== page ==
Posted By: Kaplan Financial Education
Updated: July 27, 2017
As far as employers are concerned, internships have gone from a “nice to have” to a “must have” on a recent college graduate’s resume. A growing number of colleges and universities require internships before graduation…and with good reason.
One of the biggest perks of internships is that you can pick up professional skills through observation and practice. Did you like how someone opened up a conversation in an email? Or how someone delivered feedback to you? These tidbits can go a long way in helping you polish your professional skills for your future. An internship will help you learn meeting etiquette and gain confidence in talking to people at all levels of an organization. These professional skills will help you gain an edge over others as you enter the job market after graduation.
Everyone you meet while working as an intern—from your direct supervisor to colleagues to vendors—are people with whom you can network. These are all people who can potentially connect you to job opportunities in the finance industry, or serve as a reference for you when you leave your internship.
When you are sitting in the classroom full-time, it can be difficult to see how the concepts you are learning will impact you in the working world. Getting a finance internship can help you not only apply what you have learned in class, but also give you a firmer understanding of the concepts as they relate to real people, situations, and organizations. Your internship experience will also give you more insight to utilize in class or in papers, as you learn about topics that relate to topics you are already familiar with.
Every job and every company is different. A finance internship will allow you to see whether a certain type of job or organization is a good fit for you. You will learn more about what you like and don’t like with every internship and job you take. An internship is a great way for you to test out a career plan before you begin to look for a full-time job when you graduate. Based on your internship experience, you may decide to take your finance degree into a different concentration or specialization. The best way to find out what you like is by trying it.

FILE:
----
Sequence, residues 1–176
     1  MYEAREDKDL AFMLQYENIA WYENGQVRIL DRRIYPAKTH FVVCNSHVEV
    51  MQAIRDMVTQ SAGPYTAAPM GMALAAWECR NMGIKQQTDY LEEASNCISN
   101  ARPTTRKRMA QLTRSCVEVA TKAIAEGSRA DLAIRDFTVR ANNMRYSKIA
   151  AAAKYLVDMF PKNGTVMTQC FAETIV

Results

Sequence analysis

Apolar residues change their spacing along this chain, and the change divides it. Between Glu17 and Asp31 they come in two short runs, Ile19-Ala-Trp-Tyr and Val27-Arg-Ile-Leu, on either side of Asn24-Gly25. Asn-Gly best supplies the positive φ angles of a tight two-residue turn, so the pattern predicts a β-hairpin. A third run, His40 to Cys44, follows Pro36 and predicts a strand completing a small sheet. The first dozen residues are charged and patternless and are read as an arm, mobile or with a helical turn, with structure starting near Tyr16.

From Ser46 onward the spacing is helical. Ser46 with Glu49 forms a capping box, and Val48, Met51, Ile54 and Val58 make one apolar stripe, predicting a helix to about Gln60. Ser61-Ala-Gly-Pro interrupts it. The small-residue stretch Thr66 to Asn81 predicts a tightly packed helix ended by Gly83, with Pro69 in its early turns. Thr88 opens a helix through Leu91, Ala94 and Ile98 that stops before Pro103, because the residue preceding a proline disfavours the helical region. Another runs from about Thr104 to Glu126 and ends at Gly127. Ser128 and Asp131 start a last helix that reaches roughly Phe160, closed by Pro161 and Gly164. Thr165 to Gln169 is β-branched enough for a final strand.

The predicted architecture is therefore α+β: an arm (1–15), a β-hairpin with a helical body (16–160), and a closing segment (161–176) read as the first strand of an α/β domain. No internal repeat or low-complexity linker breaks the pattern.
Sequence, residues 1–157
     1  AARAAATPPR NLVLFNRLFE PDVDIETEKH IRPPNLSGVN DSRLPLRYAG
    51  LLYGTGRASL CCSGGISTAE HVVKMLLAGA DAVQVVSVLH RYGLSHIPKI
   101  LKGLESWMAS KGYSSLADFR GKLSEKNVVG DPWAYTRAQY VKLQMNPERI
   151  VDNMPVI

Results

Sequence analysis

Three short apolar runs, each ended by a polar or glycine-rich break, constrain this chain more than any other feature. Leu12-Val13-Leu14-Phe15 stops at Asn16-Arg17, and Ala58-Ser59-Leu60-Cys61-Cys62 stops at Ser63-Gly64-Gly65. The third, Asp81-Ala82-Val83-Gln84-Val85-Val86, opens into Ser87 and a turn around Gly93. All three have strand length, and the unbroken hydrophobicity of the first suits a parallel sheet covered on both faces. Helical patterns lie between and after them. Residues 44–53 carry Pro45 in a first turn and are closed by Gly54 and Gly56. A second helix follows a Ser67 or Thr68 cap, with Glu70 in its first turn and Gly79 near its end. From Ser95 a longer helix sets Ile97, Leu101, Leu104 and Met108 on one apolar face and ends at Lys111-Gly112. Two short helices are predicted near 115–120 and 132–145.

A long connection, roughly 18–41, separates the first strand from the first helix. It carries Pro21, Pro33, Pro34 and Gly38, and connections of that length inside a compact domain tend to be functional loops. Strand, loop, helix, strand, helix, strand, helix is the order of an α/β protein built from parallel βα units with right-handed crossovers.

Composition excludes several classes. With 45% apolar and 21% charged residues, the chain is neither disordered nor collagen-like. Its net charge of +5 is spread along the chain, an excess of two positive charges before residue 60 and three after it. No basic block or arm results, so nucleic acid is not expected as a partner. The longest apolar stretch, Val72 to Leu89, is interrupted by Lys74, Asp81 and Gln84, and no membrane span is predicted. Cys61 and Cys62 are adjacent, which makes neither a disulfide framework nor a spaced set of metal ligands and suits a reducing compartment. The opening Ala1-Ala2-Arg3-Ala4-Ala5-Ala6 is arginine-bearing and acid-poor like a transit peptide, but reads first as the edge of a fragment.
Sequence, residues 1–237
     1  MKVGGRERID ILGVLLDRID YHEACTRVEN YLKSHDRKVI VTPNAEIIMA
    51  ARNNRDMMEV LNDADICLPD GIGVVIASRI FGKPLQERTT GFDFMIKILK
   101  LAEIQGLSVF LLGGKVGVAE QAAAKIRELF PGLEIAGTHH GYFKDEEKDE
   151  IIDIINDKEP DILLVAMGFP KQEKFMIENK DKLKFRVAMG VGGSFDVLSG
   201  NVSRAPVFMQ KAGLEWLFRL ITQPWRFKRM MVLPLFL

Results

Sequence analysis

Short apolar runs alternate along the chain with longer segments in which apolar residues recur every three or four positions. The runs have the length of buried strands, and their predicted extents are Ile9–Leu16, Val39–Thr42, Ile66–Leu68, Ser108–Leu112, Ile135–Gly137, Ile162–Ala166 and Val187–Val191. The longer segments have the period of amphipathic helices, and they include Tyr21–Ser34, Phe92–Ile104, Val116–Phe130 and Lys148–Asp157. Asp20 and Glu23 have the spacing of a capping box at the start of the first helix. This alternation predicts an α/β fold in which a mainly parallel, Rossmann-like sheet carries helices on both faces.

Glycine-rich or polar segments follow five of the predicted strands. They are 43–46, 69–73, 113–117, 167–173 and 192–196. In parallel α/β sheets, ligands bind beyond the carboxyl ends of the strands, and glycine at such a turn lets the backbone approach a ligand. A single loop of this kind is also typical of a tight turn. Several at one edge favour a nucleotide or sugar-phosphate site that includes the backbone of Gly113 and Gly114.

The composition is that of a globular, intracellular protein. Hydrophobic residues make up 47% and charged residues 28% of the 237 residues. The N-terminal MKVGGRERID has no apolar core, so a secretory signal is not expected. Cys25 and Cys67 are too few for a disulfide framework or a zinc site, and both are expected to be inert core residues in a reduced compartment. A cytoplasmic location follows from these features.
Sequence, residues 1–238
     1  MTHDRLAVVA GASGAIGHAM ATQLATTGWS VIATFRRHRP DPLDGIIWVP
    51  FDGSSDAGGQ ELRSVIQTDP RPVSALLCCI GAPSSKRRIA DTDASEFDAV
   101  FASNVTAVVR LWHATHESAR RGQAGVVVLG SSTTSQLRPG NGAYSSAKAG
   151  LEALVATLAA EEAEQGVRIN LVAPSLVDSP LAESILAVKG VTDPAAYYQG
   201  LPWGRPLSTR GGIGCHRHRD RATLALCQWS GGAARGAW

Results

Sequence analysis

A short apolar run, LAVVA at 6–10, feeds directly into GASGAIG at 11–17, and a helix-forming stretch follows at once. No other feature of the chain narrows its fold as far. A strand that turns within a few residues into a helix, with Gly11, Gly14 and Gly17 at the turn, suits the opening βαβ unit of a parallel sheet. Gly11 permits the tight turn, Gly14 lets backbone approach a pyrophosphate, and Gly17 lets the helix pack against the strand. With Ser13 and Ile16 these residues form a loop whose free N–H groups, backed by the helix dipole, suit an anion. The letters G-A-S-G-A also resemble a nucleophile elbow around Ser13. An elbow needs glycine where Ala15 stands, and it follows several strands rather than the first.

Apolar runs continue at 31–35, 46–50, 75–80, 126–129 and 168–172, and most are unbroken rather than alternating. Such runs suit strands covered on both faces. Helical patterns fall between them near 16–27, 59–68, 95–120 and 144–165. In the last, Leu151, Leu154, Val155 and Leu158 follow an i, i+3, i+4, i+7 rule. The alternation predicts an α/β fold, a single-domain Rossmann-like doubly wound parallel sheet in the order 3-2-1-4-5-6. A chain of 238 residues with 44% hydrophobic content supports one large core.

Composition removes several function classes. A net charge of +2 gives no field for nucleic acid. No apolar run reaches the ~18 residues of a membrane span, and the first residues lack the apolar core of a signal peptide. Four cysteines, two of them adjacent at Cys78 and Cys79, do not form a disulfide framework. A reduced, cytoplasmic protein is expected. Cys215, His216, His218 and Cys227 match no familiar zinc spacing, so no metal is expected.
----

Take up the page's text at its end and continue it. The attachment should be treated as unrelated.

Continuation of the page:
One of the hardest things about job interviews as a young graduate is having good answers to job interview questions. Most employers ask situational questions that require you have professional experience to draw on. Having internship experience will provide you with better examples of times you solved problems, took initiative, received feedback, or handled conflict.
While there is rarely a guarantee of a job at the end of an internship, it is a common way for entry-level workers to get hired. Employers invest a lot of time and money training interns, and they would rather see return on their investment in the long-term than start over on new entry-level workers. Many employers see internships as a long interview—they can see how someone would fare in the actual workplace. Some Wall Street firms will not even consider entry-level candidates outside their intern pool because it seems too risky. The more competitive a company is, the more important it is to get a foot in the door as an intern.
Work experience is a frequent requirement in job ads—even entry-level job ads. Employers want to see graduates who have real working experience through internships. It is not uncommon for competitive firms to require 200 to 400 internship hours for their entry-level applicants. Having finance internship experience helps you differentiate yourself from other applicants and shows your ability to succeed in a professional environment. Plus, you will have real working experience to talk about when given situational questions in job interviews.
What if you could job shadow eight finance professionals in a wide variety of careers, with an array of career paths, all in a single day? We created this eBook to make that possible. Inside, we profile eight successful finance pros who at one time were in the same spot you're in now. We asked them what they do, what they like about it, and how they got to where they are today. We compiled their responses in this valuable eBook for college students planning to launch a finance career.